First off, the general trend with WAA events is that they come in a little wetter than modeled(As is usually the case with most little intense events, it’s hard to have heavy snow and a total of a dusting). Therefore, am inclined to lean slightly towards the wetter solutions in general and up numbers slightly on the map as a result. Models have also been trending wetter, usually a sign for a small overperformer, and the system looks very robust on radar so far, all signs to go towards a slightly more bullish forecast.
Next, positioning. The band will be coming in from the NW, and given that it will be strongest first when it hits the NW hills, I think it’s a reasonably good bet that the mountains will work their magic and be able to squeeze a tenth or two of an inch of liquid out of the band. For that reason, and that the band will be stronger when it hits that area, I’m comfortable with forecasting one to three inches for the NW hills with moderate to high confidence.
The next question is the SW corner of the state. Most models were of the opinion that the area is too far southwest to be in the best banding, and by the time the band reaches that area, it’s already weakening. However, today we’ve seen the NAM and 4km NAM move towards extending the band further south towards that area and the NYC metro, and they are joined by the RGEM, which has been consistent in that depiction for several runs now. Think it’s a relatively low probability chance that they are correct and a coating is most likely, but the chance that they do end up being right (maybe 30-40%?), is high enough that I can’t discount it considering the increased impact. As a result, we’ll forecast a coating to two inches for the SW corner.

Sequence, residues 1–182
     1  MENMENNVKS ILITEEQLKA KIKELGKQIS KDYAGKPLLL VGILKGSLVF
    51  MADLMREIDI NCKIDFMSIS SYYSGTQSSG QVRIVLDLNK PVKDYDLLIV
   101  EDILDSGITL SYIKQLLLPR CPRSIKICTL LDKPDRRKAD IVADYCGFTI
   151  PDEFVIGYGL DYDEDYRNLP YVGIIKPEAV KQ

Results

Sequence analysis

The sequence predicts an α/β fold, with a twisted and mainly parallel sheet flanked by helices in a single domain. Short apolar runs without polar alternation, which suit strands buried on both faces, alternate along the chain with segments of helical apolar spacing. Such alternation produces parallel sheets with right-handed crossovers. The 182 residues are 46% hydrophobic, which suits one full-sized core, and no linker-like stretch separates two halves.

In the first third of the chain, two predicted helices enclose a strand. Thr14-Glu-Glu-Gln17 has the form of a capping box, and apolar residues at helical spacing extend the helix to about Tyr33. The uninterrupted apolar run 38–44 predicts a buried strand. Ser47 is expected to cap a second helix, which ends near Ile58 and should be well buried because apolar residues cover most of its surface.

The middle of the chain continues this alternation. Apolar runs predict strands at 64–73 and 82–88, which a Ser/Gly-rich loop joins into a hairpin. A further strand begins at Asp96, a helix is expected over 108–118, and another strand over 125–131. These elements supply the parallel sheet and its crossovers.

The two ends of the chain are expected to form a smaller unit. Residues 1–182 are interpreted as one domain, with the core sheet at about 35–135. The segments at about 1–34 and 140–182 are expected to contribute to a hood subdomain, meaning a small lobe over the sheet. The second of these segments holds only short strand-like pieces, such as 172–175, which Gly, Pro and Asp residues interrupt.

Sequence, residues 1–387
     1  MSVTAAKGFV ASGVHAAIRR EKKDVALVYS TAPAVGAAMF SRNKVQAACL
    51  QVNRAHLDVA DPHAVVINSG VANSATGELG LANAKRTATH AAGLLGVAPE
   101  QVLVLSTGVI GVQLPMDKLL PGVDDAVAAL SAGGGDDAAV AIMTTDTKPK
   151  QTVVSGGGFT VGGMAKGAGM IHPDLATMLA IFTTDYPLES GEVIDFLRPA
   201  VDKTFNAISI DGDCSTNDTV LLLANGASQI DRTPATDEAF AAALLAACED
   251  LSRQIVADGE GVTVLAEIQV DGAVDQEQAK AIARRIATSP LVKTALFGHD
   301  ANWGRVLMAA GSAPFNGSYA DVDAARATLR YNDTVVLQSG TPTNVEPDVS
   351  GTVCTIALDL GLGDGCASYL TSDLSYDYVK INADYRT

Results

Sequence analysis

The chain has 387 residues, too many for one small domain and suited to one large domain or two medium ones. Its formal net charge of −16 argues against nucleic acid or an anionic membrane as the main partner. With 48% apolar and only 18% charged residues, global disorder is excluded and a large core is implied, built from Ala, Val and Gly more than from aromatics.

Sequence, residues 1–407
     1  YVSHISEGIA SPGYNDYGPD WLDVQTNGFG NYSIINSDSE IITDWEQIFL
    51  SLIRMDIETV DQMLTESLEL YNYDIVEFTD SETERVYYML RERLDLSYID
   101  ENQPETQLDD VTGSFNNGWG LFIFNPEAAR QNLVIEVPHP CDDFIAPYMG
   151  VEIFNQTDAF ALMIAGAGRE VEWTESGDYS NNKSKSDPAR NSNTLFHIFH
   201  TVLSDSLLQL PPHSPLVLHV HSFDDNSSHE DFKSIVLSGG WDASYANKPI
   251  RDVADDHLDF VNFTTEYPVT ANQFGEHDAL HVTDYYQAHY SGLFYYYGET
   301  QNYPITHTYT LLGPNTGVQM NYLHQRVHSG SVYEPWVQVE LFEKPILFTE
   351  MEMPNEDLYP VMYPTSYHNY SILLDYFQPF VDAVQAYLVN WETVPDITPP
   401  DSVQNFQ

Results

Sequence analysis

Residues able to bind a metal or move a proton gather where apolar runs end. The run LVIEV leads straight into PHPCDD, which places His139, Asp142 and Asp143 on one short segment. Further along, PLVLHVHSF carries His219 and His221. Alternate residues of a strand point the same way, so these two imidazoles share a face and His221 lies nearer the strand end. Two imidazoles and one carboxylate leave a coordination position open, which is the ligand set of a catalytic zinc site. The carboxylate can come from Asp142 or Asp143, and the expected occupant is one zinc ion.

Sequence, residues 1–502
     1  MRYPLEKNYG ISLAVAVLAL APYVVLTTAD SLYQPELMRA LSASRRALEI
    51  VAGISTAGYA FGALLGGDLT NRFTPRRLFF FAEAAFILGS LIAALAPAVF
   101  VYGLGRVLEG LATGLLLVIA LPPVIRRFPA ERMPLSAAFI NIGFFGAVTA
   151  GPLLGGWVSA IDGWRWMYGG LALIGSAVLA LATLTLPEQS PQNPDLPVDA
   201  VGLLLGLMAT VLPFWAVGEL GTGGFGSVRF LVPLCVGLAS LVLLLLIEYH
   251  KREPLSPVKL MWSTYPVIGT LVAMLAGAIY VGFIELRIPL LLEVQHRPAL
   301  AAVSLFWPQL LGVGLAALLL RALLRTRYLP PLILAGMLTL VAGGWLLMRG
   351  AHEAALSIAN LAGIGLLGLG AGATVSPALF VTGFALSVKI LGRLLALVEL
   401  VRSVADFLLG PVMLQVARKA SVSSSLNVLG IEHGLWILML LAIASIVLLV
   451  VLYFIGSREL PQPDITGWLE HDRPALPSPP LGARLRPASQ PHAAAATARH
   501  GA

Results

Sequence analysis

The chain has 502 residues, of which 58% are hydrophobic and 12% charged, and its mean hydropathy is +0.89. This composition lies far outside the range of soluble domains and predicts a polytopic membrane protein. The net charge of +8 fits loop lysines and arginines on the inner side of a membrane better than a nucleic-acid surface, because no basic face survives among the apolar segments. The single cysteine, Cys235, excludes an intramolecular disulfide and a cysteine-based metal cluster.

The band will almost certainly impact the rest of the state, so it then comes down to how strong the band is as it progresses and how much liquid it has in it. Generally inclined to lean towards the wetter solutions for the reasons described above, and given that models have been trending towards holding onto the strength of the band for a little while longer and the enhanced ratios, will forecast an inch to two inches of snow for most of the eastern ¾ of the state or so, with a local maximum of up to three inches possible in far eastern areas, especially the NE hills where models are showing an area of enhancement from the higher terrain and the hills.